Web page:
If it weren't for Kari's parents, she would have seen no justice. Kudo's to them for having the courage to keep pushing for an answer.
I loved seeing what was going to happen to Conner, Lev, and Risa. After finishing the first book I had to wait for a book credit to get this second installment of this series. It was completely worth it.
I like Luke Daniels. He is a good narrator. He portrays the material in a way that seems as though he is interested. There is nothing worse than a narrator who is bored with the book. He has appropriate reactions that allow the listener to hear the voices, punctuation, emotion, and spirit of the story.
This book is part young adult, part thriller, part dystology, part romance, part drama, with a bit of comedy thrown in for good measure. I would recommend this book to anyone who has enjoyed, "Hunger Games," "Rogue," "Angelfall," or "Divergent."
I love all of the H. G. Wells stories. I have always liked his work. I hated the narration. I read some mixed reviews and wanted to give it a try.
You could hear the different characters by the change of pitch and appropriate pauses.
No. They are perfect stand alone editions.
Witty, Exciting, Interesting
I can't think of any other stories like this one. It is written from the point of view of a victim that escaped her abductor. But when I was listening to it I did sometimes think of "My Story" by Elizabeth Smart. The only similarities are that the creeps that abducted them raped them repeatedly and meant to keep them as life partners.
I'm not sure I can say it's exactly a favorite scene, that's the wrong word. But the scene that had the most impact **** spoiler alert **** was when Annie defends herself against her abductor and saves herself.
Lost is Not Forgotten
This book had a lot of bends in the current. It's exciting. I completely recommend this book to anyone who likes mystery, thrillers, or drama.
Great Suspense Listen
Okay, call me predictable, but I like Detective Broom. He is relentless, a characteristic I admire. He is intelligent, a quality I require in anyone I'm going to spend time with. He makes mistakes, but plods on without letting the mistakes take away from his core being. I like that too.
I LOVE Scott Brick performances. He is my ideal reader for a suspense novel. Brick brings characters to life, he reads individual voices, he stays interested in the book, and he knows how to read punctuation. He's a fantastic narrator.
This is a book I did listen to all in one sitting with breaks only for a couple of phone calls, and reading time with my daughter where I am the narrator.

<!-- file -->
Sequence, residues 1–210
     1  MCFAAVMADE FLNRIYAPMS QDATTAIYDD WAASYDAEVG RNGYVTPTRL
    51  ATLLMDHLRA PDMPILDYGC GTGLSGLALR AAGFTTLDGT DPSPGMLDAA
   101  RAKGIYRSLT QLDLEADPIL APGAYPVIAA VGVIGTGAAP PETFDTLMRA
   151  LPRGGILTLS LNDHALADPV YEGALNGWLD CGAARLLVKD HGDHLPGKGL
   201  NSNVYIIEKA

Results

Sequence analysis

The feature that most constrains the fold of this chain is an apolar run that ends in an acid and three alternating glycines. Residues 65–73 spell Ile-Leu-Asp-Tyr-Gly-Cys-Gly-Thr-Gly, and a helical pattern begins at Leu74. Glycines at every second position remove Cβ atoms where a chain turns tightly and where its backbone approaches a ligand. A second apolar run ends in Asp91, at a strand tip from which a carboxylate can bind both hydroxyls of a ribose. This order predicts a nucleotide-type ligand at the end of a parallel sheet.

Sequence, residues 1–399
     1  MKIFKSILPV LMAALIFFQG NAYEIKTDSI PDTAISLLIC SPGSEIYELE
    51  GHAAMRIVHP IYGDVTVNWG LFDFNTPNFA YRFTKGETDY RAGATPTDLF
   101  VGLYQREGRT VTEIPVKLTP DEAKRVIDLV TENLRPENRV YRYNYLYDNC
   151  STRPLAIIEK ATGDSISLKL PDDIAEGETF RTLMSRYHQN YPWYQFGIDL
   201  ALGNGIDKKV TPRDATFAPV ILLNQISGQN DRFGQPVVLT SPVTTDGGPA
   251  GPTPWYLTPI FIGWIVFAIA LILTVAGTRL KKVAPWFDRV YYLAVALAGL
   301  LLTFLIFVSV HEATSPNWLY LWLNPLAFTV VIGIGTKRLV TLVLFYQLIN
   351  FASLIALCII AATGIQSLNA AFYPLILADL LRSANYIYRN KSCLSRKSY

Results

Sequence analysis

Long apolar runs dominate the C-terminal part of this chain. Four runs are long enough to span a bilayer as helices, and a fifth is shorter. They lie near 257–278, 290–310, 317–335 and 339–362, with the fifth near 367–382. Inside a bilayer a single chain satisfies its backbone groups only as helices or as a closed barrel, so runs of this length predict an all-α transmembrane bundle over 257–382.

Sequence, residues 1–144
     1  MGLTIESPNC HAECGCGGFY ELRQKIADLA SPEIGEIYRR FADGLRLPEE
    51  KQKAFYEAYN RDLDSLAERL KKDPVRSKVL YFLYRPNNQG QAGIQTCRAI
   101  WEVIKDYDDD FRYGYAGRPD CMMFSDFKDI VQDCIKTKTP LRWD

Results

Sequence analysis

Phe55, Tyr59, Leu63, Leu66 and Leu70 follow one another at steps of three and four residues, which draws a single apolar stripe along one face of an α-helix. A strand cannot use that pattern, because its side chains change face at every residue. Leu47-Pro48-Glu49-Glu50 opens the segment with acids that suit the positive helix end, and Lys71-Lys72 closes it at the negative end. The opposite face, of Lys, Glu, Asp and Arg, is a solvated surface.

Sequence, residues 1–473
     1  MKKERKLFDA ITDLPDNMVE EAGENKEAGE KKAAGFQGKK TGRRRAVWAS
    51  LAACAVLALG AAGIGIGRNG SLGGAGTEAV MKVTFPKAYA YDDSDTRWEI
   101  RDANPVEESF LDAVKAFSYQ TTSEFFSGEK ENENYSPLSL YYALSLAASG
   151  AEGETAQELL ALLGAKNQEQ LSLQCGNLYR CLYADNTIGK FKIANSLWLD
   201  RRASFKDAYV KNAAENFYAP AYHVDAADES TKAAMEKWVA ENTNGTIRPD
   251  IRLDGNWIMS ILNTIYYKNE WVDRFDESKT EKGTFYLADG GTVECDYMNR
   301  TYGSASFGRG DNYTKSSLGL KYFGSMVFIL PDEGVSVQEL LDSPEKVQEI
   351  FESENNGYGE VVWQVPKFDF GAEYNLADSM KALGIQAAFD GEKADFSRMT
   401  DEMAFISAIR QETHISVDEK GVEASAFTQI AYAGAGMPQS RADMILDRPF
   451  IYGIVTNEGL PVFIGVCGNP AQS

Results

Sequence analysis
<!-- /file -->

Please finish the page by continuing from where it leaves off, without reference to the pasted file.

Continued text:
I am up and down on Harlan Coben. I have really loved this story which has well developed characters and an intense, moving plot. It has encouraged me to try more from Coben.
I listened to this story with my daughter and drew parallels between this book and the Harry Potter series.
Abby begins to feel her own self worth
The end of the book when Abby is able to ignore the slights by a girl in school who had tried her best to make Abby feel she is not good enough to be at Cragbridge Hall
We did listen all in one sitting.
I mentioned parallels to the Harry Potter series. The stories are not much alike, but there are some similarities. There are three main child characters. The children are sent away to a school to develop their abilities. They solve a mystery and save the day through investigating and resolving to resolve the problems. Finally it becomes a situation that jeopardizes not just these children but the world as we know it and the kids are responsible for saving our world.
Maybe. Elissa Wall tells her story, and it is moving and powerful. The reader/listener is bound to feel empathy for her. Unfortunately, I do not think that the book paints a fair picture of some of the other victims in this book., It is because of the one sidedness that I do not know that I would recommend this book. Elissa Walls was a child, deserved to be protected, she was a victim, but she is not the only victim in this story. The two main perpetrators of these crimes were Warren Jeffs and her step father Frank. For Jeffs, justice is served. I don't think the step father got his justice.
Clarrissa Jeffs! She found her strength, escaped, and made a life for herself.
She reads at a good pace, good breathing and pausing where appropriate. She conveys voices.
I didn't really learn anything new from this book. I've listened to two other autobiography/memoir stories from this same group and from the same time period. Each person is depicting the same stories from different points of view.
I would like to hear Allan Steel's side of this story. Elissa portrays him as a child rapist, but he was a 19 year old boy trying to adhere to the guidance of his religion the same way Elissa was. I realize by our laws he was the adult and she was the child, but because of their isolation, is that really true? I don't think so. I think he was as much coerced as she was, does that make him equally guilty to the men who forced the marriage on them both? What young man wants to marry a girl who insists she hates him? Well, that's just me wanting to know what is unknown in the telling of this story.
I wish Elissa good luck now that she has the option to make her own life the way the rest of us can. I wish her hope, happiness, and most of all healing from the harm done.